Image: Sierra Nevada Corporation
Sierra Nevada Corporation’s Dream Chaser spacecraft is being prepared for its first test flights as part of NASA’s commercial space program, and it’s a design that wouldn’t look out of place on a poster stuck to a 10-year-old’s wall.
The Dream Chaser is one of three vehicles competing for NASA contracts to replace the space shuttle orbiters for transporting astronauts to the International Space Station and elsewhere in low Earth orbit. Unlike its capsule competitors from Boeing and SpaceX, the Dream Chaser is a flying, lifting body design that could land on a runway, much closer in concept to the orbiters that were retired in 2011.
Sierra Nevada announced that it will be partnering with veteran space vehicle maker and aerospace juggernaut Lockheed Martin to build the second Dream Chaser vehicle. The two companies will also collaborate on ongoing parts of NASA’s commercial crew program, which is currently in the Certification Products Contract phase. Sierra Nevada, SpaceX and Boeing are developing versions of their space vehicles that will meet NASA certification for safety and performance.
“The SNC team is thrilled that Lockheed Martin will be joining our expanding world-class team of partner organizations,” said Mark Sirangelo, head of Sierra Nevada’s space system group.
Lockheed Martin will build the next Dream Chaser at the facility in Michaud, Louisiana where the external tanks for the space shuttles were made. The company is no stranger to the current commercial space programs as it builds the Atlas V rocket (in a joint venture with Boeing) to be used by the Dream Chaser as well as Boeing’s CST-100 spacecraft.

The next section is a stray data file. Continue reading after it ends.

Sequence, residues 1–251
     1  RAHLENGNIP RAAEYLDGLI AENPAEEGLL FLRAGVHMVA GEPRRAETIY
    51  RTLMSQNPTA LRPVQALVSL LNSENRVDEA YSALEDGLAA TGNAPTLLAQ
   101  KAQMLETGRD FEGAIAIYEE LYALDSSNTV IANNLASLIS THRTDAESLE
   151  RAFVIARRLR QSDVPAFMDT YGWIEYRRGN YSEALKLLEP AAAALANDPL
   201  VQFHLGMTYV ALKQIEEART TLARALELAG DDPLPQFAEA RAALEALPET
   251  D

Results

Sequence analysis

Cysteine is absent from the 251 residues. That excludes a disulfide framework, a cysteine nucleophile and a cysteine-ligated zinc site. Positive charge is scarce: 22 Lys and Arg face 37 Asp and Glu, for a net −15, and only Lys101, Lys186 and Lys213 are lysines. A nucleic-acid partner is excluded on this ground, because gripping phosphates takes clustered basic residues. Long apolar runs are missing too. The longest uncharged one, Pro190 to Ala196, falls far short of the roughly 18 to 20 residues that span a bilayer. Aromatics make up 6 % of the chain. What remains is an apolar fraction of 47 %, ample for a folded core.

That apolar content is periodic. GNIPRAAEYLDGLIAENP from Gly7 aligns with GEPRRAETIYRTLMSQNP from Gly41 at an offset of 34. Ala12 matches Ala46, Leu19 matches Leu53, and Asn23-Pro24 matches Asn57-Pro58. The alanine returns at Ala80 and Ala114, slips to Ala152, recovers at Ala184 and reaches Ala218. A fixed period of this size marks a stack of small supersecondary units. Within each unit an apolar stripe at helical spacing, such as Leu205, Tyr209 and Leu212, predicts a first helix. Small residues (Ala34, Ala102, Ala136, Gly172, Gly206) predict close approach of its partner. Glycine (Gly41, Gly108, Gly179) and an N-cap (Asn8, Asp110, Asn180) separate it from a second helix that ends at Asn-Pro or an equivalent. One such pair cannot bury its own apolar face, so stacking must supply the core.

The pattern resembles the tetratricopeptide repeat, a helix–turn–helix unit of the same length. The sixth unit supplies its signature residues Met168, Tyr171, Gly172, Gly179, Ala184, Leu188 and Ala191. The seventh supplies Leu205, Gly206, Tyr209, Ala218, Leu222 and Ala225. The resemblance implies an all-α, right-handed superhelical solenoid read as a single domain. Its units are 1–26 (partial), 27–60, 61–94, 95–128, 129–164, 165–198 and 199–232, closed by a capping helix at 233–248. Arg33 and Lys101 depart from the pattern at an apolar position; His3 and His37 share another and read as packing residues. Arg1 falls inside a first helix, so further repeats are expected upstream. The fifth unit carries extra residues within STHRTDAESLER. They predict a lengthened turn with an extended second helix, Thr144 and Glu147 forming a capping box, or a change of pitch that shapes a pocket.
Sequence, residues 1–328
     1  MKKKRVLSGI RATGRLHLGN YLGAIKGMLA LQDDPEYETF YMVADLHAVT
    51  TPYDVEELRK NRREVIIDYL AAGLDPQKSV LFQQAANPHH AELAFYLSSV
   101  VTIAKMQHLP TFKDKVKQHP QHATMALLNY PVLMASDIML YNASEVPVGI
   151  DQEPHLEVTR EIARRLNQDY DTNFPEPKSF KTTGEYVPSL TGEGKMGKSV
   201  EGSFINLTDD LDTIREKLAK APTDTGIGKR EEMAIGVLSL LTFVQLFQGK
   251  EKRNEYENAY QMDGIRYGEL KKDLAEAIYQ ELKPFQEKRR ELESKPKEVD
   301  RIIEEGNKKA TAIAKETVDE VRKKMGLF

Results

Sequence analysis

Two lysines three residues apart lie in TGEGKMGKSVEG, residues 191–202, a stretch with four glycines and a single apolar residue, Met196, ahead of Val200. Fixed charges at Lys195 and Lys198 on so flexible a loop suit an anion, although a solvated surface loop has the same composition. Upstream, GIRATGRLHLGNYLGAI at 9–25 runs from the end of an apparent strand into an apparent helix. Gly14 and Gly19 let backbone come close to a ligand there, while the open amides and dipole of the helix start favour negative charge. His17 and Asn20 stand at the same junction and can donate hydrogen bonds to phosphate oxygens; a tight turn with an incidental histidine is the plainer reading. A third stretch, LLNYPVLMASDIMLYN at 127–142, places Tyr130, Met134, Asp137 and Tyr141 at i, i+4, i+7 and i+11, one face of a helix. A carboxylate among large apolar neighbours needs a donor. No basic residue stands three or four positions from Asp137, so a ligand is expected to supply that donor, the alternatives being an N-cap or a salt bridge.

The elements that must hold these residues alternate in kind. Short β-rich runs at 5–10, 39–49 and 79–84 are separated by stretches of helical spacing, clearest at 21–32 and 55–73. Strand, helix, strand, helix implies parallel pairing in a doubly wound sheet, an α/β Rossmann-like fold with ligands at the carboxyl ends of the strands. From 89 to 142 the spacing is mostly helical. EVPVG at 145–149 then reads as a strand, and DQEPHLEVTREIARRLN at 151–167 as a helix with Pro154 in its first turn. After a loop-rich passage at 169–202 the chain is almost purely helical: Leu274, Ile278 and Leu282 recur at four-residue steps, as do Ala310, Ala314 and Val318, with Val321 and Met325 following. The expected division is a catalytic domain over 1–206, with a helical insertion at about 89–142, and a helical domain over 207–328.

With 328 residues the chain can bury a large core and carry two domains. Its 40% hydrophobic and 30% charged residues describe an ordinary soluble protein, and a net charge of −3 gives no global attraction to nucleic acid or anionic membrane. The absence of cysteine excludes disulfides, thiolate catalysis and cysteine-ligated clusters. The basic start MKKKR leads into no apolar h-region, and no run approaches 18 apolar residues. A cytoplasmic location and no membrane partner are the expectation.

Sierra Nevada says the first Dream Chaser spacecraft is currently bring prepared for transport at the company’s facility in Colorado. In the next few weeks SNC expects to transport the vehicle to Edwards Air Force Base in California’s Mojave Desert where flight testing will take place.
The Dream Chaser will be dropped from a helicopter at 12,000 feet and and is expected to reach speeds of around 300 knots (345 mph) before landing at a touchdown speed of around 180 knots (207 mph). For the initial test flights, the Dream Chaser will glide to the ground autonomously without a pilot. The glide flights are scheduled to begin within the next two months and Sierra Nevada says the flight test vehicle will make just a few flights to gather the data necessary to further refine the flight characteristics of the design.
The second Dream Chaser – built by Lockheed Martin – will be the vehicle used for sub-orbital flight testing that the company hopes will begin in the next two years. NASA is expected announce at least two companies to fly astronauts to low earth orbit by 2017.
Via FlowingData: http://flowingdata.com/